Columbine

Today is the 22nd anniversary of the Columbine shooting. I was not living in Colorado in 1999, but everyone heard about Columbine. National news. Shocking. Unprecedented. Unthinkable. A month ago, another Colorado mass shooting. It was in Boulder, a King Soopers market. Do you even remember it?

A Colorado litany: Columbine. Denver. Bailey. Arvada. Colorado Springs. Littleton. Aurora. Centennial. Colorado Springs again, and then again. Thornton. STEM School in Highlands Ranch. Aurora again. Boulder.

Columbine was not the first in our state, but it raised a terrible bar. My neighbor Ken Fischer was dog-tired that day 22 years ago, as was his whole Lakewood Police Department team. They’d had an extra-tough shift the night before, but that’s another story. He was doing some hard work on an off-duty day, wrestling and sweating with pulling stumps for a friend, when he heard the call. 

Ken writes for my neighborhood blog, as do I on occasion. In this story, he tells of – what was it, a kind of compensation? A miracle? – seemingly built out of inspiration and willpower. Or maybe it was something dealt out by “a just and brooding God.”

Republished with permission.


By Ken Fischer

1999. The following fall, after that terrible day in April, the Columbine football team took the field. They were not great, but won enough to get to the playoffs.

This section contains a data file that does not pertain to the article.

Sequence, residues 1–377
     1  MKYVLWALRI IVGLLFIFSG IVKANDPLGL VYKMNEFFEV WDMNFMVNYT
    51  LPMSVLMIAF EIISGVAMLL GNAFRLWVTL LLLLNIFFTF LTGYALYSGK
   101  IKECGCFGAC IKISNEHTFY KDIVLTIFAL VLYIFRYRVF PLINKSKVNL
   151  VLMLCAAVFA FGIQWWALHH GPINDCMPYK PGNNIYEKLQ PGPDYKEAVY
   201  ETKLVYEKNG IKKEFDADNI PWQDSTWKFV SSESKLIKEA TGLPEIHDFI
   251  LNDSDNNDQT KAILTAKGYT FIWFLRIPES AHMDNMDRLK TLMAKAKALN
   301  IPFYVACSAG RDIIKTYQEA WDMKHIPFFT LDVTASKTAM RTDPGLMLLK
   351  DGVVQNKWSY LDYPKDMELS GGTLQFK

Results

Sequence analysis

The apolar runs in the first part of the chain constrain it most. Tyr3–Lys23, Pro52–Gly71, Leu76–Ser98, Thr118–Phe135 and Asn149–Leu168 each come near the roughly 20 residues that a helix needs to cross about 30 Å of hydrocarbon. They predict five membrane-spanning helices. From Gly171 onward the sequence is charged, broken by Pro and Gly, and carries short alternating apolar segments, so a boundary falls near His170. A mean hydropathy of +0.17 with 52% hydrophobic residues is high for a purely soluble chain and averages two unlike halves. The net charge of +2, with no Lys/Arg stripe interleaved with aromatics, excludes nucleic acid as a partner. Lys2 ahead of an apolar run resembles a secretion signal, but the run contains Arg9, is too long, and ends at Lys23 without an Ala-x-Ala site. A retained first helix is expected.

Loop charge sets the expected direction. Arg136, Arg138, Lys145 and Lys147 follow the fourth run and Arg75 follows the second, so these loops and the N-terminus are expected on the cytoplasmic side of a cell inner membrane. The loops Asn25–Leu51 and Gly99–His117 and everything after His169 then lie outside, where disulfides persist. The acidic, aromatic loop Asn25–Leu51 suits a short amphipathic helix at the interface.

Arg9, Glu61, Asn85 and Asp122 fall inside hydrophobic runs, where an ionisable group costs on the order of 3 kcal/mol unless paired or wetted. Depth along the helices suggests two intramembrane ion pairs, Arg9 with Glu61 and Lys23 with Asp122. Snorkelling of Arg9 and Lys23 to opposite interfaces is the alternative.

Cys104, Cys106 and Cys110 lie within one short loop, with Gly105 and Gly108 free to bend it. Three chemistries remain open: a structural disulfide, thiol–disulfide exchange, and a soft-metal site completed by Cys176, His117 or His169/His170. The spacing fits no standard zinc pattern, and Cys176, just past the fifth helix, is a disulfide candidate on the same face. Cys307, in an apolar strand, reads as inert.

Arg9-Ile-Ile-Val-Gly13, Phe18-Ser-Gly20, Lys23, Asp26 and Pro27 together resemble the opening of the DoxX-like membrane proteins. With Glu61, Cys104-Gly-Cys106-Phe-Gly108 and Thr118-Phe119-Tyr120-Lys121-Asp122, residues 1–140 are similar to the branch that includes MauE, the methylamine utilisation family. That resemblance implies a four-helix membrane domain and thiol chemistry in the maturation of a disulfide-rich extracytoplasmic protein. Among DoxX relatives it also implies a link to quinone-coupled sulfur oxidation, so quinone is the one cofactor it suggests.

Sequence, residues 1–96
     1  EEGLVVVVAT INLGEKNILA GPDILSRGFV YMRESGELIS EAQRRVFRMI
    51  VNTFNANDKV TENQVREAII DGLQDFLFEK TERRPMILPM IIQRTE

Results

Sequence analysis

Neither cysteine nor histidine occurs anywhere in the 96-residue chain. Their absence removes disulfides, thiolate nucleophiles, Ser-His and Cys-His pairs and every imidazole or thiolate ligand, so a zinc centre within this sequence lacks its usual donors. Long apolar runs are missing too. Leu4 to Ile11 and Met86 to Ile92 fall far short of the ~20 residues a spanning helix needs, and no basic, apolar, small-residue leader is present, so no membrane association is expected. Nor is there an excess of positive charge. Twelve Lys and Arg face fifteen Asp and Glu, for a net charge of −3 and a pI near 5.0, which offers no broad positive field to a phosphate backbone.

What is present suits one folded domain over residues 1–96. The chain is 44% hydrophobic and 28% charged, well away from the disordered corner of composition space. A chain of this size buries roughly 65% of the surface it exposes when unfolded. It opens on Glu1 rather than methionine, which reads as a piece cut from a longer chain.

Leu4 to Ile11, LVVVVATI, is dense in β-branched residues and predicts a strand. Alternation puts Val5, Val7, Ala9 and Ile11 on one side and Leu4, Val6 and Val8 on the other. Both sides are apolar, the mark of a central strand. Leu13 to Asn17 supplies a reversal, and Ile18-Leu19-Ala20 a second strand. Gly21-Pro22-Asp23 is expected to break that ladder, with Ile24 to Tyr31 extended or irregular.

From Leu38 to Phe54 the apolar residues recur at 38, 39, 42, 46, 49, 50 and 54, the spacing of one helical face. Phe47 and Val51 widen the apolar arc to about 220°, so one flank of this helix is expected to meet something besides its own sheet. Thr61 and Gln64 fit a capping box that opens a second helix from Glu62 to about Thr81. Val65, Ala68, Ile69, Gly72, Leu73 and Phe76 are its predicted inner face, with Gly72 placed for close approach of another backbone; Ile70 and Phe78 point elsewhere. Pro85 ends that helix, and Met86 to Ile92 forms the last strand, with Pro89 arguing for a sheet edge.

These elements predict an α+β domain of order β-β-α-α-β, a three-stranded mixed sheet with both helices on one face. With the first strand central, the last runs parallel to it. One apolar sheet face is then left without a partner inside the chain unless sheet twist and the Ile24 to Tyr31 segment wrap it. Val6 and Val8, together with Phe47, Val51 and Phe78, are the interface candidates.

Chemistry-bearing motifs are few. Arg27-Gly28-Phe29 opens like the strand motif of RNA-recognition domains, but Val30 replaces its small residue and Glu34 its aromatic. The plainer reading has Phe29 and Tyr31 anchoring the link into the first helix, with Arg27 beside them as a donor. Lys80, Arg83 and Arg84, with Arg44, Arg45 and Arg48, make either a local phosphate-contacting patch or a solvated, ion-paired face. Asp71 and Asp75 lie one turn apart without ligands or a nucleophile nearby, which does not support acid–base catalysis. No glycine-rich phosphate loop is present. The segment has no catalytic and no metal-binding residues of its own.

My sector of Lakewood had the Jeffco Stadium in just about its geographic center. I would often tactically position myself at or near the stadium on Thursday and Friday nights for the rowdy high school events. My dispatcher was aware of crowd noise so she often called me on cell phone with anything critical in nature. Pretty routine, usually just being watchful, but there was one game that I will always remember as something special, almost transcendent.

Columbine High School, Littleton, Colorado

Now there was something eerie about the Columbine team. These were the lads that carried one of their own to his final rest several months earlier. Their school was still undergoing repair so they worked through the hurt and anger to do something constructively normal: play football.

Columbine had never been any great shakes on the gridiron. Finishing near .500 was pretty good for the program. This year the team had no real stars and no standouts, and seemed to be a very quiet bunch. They took on a county rival in the quarterfinals and came from behind to squeak out a victory. A surprise. They were forecast to break even that year and winning a playoff game was a big notch on the doorframe.

Per custom, each team passed at midfield, shook hands then boarded the buses back to their school. Except Columbine. They had no school and would not until the following year. They shared time at Chatfield High, their sister school further south in the county.